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Graphite offers up new quantum surprise

Researchers at The University of Manchester have discovered unexpected phenomena in graphite thanks to their previous research on its two-dimensional (2D) relative – graphene.

The team led by Dr Artem Mishchenko, Prof Volodya Fal’ko and Prof Sir Andre Geim, discovered the quantum Hall effect (QHE) in bulk graphite – a layered crystal consisting of stacked graphene layers. This is an unexpected result because the quantum Hall effect is possible only in two-dimensional materials where the movement of electrons’ motion is restricted. They have also found that the material behaves differently depending on whether it contains odd or even number of graphene layers - even when the number of layers in the crystal exceeds hundreds. The work is an important step to the understanding of the fundamental properties of graphite, which have often been misunderstood.

“For decades graphite was used by researchers as a kind of ‘philosopher’s stone’ that can deliver all probable and improbable phenomena including room-temperature superconductivity,” Geim commented. “Our work shows what is, in principle, possible in this material, at least when it is in its purest form.”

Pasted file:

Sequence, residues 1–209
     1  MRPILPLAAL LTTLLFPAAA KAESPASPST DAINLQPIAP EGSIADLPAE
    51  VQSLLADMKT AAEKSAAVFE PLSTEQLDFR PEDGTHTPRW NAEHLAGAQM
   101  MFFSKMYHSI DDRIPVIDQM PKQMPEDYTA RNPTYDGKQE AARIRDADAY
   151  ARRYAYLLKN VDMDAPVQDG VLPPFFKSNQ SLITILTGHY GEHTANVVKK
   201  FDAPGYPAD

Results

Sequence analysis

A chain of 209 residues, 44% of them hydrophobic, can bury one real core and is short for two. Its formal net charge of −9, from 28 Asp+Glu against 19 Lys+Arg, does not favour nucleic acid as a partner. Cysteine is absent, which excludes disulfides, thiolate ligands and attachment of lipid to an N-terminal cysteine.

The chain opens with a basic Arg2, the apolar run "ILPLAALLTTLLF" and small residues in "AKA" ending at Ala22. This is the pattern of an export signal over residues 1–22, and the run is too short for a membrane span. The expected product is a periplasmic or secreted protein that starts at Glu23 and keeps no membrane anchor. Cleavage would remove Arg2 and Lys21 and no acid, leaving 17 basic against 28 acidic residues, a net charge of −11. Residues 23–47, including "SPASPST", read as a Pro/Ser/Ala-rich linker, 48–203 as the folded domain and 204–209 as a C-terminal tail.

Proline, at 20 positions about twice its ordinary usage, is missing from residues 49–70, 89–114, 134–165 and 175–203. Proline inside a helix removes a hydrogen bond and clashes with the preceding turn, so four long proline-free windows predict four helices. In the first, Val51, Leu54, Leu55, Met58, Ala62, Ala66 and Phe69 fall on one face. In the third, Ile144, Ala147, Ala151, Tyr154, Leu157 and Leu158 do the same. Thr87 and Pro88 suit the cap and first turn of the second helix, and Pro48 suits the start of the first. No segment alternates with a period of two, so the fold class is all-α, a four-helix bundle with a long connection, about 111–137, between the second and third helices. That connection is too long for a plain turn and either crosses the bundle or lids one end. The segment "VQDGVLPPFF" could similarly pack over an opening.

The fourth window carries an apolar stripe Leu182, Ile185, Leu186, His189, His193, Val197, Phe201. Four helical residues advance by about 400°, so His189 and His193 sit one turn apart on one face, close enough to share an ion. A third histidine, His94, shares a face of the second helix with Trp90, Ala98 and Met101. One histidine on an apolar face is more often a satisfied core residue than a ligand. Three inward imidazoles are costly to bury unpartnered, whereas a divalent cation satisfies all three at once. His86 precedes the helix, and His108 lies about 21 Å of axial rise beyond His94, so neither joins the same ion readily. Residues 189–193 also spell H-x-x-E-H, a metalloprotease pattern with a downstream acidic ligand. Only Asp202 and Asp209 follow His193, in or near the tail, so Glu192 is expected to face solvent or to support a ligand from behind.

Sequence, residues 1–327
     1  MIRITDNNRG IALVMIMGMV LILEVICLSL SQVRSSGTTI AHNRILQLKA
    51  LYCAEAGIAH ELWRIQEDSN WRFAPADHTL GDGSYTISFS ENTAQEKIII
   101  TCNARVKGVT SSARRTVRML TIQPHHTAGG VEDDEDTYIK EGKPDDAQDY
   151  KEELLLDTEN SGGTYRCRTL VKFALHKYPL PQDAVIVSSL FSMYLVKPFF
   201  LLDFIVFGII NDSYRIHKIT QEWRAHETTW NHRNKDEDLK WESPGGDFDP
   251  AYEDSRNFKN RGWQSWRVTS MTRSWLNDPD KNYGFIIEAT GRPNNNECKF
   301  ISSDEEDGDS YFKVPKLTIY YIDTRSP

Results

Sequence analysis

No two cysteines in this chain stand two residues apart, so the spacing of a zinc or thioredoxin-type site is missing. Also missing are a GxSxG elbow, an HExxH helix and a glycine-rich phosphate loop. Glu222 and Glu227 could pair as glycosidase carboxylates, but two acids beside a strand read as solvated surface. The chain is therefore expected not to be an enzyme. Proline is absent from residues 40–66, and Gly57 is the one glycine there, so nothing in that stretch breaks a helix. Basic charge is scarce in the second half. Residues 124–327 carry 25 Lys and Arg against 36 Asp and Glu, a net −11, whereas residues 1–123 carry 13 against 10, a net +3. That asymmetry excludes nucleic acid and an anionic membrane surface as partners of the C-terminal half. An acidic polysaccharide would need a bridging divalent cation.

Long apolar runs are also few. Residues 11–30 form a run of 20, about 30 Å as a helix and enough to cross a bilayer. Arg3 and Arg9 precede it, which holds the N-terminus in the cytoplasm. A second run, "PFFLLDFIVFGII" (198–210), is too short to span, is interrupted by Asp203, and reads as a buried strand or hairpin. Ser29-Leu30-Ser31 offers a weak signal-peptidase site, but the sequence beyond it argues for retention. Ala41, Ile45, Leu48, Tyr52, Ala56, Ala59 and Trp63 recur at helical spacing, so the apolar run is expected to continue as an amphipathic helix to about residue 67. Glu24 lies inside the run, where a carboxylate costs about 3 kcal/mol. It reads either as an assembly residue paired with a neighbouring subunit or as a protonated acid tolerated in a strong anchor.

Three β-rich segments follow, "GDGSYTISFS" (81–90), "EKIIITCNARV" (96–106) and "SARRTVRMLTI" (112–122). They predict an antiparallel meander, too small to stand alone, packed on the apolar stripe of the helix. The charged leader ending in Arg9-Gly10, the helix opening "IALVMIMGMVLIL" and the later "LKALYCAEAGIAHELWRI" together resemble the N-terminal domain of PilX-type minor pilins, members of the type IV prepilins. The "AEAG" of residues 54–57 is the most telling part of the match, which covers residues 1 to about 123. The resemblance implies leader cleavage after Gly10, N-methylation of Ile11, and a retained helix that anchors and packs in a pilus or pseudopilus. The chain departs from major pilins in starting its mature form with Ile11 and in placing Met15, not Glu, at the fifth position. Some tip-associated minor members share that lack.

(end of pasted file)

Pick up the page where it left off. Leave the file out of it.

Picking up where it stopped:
In the work, published in Nature Physics, Mishchenko and colleagues studied devices made from cleaved graphite crystals, which essentially contain no defects. The researchers preserved the high quality of the material by encapsulating it in another high-quality 2D layered material – hexagonal boron nitride. This allowed nearly perfect samples of thin graphite to measure electron transport in this material.

“The measurements were quite simple.” explains Dr Jun Yin, the first author of the paper. “We passed a small current along the device, applied strong magnetic field and then measured voltages generated along and across the device to extract longitudinal resistivity and Hall resistance.

Prof Fal’ko who led the theory exploration said: “We were quite surprised when we saw the quantum Hall effect accompanied by zero longitudinal resistivity in our samples. These are thick enough to behave just as a normal bulk semimetal in which QHE should be strictly forbidden.”

The researchers say that the QHE comes from the fact that the applied magnetic field forces the electrons in graphite to move ‘in a reduced dimension’, with conductivity only allowed in one direction. Then, in thin enough samples, this one-dimensional motion can become quantized thanks to the formation of standing electron waves. The material goes from being a 3D electron system to a 0D one, with discrete energy levels in a magnetic field.”

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